An outsider’s support of Yiddishism in the Baltic States
The case of Paul Ariste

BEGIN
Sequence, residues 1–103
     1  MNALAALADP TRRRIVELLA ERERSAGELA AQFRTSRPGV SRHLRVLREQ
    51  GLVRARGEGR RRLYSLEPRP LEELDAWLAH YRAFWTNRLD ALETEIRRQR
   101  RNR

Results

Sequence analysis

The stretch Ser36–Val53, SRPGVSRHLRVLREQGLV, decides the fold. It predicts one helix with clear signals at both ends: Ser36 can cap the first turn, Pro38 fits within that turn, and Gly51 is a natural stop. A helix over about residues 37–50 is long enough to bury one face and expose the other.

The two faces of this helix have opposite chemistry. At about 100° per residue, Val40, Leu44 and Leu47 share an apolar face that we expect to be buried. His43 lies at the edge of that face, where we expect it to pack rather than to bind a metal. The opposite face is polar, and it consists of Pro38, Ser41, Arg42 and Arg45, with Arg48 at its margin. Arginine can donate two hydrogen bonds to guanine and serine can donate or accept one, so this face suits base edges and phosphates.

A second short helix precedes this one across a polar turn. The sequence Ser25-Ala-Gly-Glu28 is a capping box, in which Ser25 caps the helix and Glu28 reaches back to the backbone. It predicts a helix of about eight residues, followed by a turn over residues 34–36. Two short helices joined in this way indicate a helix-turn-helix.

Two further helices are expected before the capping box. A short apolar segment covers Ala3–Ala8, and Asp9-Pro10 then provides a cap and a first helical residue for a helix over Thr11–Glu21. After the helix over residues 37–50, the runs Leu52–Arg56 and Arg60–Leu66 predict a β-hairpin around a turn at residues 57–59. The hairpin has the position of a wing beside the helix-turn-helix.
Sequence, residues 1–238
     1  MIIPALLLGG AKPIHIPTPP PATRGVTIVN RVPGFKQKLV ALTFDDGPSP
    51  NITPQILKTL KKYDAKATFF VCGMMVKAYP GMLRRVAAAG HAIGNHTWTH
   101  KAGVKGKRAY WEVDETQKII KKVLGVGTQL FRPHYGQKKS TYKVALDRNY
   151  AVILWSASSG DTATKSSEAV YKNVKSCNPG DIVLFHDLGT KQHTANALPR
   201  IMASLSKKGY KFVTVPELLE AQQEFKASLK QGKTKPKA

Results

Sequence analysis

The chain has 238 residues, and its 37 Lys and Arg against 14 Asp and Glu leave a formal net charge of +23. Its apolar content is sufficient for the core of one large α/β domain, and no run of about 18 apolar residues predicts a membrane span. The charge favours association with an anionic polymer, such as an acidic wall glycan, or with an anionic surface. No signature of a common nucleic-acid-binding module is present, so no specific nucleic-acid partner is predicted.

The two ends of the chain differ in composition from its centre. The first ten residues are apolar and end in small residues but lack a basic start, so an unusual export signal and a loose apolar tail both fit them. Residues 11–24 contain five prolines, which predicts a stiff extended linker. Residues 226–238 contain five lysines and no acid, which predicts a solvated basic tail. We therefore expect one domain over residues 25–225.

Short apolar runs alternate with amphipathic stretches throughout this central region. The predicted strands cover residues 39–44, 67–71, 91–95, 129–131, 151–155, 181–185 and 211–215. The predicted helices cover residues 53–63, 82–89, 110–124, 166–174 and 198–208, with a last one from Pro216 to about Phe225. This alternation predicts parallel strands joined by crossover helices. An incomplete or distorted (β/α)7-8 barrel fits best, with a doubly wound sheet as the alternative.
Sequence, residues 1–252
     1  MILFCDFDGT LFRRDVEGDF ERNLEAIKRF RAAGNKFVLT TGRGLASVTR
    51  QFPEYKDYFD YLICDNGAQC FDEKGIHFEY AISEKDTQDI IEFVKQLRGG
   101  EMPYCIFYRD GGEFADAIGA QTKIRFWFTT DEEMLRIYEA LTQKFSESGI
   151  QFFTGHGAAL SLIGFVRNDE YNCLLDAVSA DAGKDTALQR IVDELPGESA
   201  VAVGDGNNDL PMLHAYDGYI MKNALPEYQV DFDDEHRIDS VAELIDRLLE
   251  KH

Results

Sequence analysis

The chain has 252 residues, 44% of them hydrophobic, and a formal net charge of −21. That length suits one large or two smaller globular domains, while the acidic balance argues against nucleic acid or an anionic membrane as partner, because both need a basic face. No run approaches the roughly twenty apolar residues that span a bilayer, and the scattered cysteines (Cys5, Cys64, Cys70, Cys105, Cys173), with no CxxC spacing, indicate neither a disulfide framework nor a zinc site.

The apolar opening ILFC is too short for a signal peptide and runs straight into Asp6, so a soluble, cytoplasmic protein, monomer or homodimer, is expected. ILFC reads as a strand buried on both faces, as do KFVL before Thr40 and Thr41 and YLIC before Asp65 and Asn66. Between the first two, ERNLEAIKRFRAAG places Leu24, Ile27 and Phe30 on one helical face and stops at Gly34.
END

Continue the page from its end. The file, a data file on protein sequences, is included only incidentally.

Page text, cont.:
The struggle between Yiddishism and Hebraism in the interwar Baltic states still awaits systematic investigation and requires the use of sources in many languages. Paul Ariste (1905–1990), a famous Estonian linguist and polyglot, learned Yiddish as a young man and remained fascinated with the language for his whole life. This case study of non-Jewish support of Yiddishism in Estonia examines the arguments Ariste used in a Yiddish-language speech in 1933 in the general context of Yiddishist ideology. A member of a small people himself, Ariste was mostly concerned with assimilation. Apparently he did not consider hebraisation of the diaspora a possibility and therefore did not see Hebrew as a serious rival of Yiddish. There are marked parallels between Estonian and Yiddish language planning problems in the interwar period: despite obvious differences in their sociolinguistic history, the languages faced somewhat similar problems. The language planning climate in both cases was characterised by sensitivity towards German. In Ariste’s view, German, attractive to Jews as a powerful language of high culture and a means of modernization, posed an ideological threat, but not a threat to Yiddish corpus planning, since Yiddish is different from German by definition. His advocacy of Yiddish differs from usual Yiddishist argumentation only in minor details. He might be compared to moderate Yiddishists.